DAJ: I've turned down many jobs. I once turned down a job from Steven Spielberg. That was almost 10 or 11 years ago. I turned down the job because it had to do with channeling and the occult. They didn't mean it to be bad. They just thought it was kind of a cool hook, you know? And I said, "Yeah, it is a cool hook, but that's the problem. I'll end up making it cool and kids will be interested in it." So I turned the job down. My agents at William Morris didn't quite understand it. The people at NBC and Amblin didn't understand it. So I explained it for them: "I'm a Christian. This goes against what I believe and I can't do it. I know you guys don't mean anything bad by it, but it's not just fun. So I can't do it." I was a young writer and had no prospects for what I was going to do next, but within three days I had about six job offers and I have never been out of work a day since.

Q: There's a perception out there that you can't have a quality TV series that doesn't challenge a taboo or push some sort of boundary.

DAJ: I agree that's often the perception, but we've found it's not true.

Gary R. Johnson: I think a lot of the shows the critics say that about are too earnest and preachy and not that well done.

Q: If NYPD Blue didn't have gratuitous profanity and nudity, would it still receive critical acclaim?

Gary R Johnson: Yes. And, you know what? It would also get a bigger audience.

DAJ: The truth is, NYPD Blue is very well done. [Steven Bochco] just used a gimmick to draw attention to a show he knew was going to have trouble getting noticed in a crowded field. The problem is, in today's market, shows that have our values typically are not as well done as NYPD Blue.

Q: Some Christians in entertainment defend unseemly content in their creations because it "gets people in the door." Others insist that, to make relevant cultural statements, a show must offend or shock audiences. We don't see you doing that on Doc.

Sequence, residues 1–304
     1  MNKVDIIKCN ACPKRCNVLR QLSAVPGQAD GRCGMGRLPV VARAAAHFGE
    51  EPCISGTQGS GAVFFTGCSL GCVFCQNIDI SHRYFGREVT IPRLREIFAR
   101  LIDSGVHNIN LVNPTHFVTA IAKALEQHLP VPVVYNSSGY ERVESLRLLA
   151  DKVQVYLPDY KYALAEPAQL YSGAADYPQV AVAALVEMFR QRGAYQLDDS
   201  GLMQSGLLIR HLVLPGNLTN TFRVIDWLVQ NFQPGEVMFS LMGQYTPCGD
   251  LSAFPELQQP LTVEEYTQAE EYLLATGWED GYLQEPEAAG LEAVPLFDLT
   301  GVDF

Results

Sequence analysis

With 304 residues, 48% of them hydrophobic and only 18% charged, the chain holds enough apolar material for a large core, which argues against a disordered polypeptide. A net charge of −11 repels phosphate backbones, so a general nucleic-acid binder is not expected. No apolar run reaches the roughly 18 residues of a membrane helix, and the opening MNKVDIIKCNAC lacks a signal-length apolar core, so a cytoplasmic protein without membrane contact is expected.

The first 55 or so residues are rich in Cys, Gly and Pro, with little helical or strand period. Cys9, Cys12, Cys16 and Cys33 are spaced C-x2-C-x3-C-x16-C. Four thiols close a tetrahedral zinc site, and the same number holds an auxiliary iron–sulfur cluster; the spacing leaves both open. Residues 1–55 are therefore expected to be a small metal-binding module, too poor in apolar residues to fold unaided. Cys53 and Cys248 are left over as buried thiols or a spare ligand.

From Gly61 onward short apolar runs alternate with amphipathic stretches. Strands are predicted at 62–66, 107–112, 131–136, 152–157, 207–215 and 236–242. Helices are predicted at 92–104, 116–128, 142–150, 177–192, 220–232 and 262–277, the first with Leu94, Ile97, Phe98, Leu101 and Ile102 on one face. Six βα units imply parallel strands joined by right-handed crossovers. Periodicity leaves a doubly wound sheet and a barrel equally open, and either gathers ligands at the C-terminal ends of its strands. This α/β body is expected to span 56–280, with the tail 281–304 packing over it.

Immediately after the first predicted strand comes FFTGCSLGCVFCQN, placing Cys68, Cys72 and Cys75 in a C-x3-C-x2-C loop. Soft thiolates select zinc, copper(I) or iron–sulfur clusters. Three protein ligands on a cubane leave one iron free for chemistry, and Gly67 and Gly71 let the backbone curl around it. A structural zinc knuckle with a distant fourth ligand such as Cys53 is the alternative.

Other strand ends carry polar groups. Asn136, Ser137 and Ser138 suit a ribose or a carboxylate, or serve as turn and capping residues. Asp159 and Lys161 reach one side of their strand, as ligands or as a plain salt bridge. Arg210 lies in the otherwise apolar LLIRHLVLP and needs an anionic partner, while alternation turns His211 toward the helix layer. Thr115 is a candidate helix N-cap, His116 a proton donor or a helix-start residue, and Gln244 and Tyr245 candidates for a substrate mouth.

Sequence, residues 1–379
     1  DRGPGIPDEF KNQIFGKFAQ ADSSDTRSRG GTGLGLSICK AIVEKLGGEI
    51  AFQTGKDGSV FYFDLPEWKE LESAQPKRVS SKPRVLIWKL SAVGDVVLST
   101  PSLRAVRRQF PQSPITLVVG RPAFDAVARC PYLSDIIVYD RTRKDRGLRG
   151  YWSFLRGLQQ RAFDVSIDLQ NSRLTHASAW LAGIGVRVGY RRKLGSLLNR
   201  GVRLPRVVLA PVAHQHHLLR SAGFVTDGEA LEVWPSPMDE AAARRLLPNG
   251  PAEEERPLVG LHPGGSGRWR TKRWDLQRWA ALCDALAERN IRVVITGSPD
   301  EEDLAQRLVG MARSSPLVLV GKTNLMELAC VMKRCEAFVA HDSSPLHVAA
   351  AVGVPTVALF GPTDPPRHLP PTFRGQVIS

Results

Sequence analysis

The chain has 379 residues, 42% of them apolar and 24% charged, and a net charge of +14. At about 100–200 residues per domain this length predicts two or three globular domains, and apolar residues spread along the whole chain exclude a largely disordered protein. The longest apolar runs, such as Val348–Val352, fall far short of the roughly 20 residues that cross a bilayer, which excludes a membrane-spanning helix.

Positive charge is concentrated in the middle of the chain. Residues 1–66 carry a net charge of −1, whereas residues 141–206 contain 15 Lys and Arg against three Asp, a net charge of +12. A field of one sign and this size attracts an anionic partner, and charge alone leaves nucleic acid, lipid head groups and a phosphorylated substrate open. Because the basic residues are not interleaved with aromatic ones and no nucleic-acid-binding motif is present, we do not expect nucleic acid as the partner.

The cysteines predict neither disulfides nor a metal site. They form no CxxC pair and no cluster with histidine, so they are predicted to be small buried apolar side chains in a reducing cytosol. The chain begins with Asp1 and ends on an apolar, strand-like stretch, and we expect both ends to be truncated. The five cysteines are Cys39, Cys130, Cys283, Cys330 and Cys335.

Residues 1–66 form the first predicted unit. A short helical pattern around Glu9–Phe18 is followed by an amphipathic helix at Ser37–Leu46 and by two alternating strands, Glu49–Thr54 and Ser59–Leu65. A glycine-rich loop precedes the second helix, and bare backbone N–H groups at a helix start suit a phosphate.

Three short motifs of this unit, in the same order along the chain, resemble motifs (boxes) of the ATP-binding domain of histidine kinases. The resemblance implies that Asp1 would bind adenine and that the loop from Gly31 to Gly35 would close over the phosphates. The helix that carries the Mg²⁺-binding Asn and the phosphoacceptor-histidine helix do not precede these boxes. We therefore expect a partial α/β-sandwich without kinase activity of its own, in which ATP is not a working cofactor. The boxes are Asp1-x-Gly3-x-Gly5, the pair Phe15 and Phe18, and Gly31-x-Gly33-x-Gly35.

DAJ: No, because I can't do that.

GRJ: And you don't have to do that. Our total intent is that families watch it together. Many critics out there will say they don't think families ever watch TV together anymore. We don't believe that's true. We've proven it's not true. People come up to me and say, "It's so great to have a show where you don't have to sit there with your finger on the remote." They know nothing's going to come up in this show that they don't want their 8-year-old to see.

DAJ: There are some places we're not going to go. And it's because we just don't think there's a need to go there. I think we're starting to understand better, again, that you can't justify everything. You can't put anything in your art just because your intentions are good. I still have to be responsible. We want to make sure that, when people tune in, they come to a safe place. That place is always going to reflect God's values. I'll give you an example. There's an episode where the wife of one of the doctors is going to have a baby. He sees an ultrasound of his child and says, "Look at that! That's my baby!" He's excited about it and says, "I'm already in love with this baby." That, to me, is a very, very strong pro-life episode. If I can get people to see an ultrasound as a baby, then I've done my part in moving them toward our side of this issue.

Q: What are your views on where Hollywood has taken our culture in recent years?

DAJ: It's that old saying, "Souls are not lost in one great auction; they're bartered away bit by bit." Has the culture taken a huge step into the sewer? Absolutely. I don't remember anything in my lifetime that has been as fast a downward spiral as what we've experienced over the past two years. The networks have so turned their backs and thumbed their noses at the family audience that there's nothing for people like me or my family on network television anymore. And I love television. I grew up in television. I've worked in television. Even so, that spiral presents an opportunity, because it has gone way too far, too fast for a lot of people. People who normally would not even think about it are now sitting there going, "I'm uncomfortable with where we're at."

Q: And that's the theater in which Doc gets to operate.

GRJ: Exactly.

? 2001, Focus on the Family. Used by permission. Reprinted from the December 2001 issue of Plugged In magazine.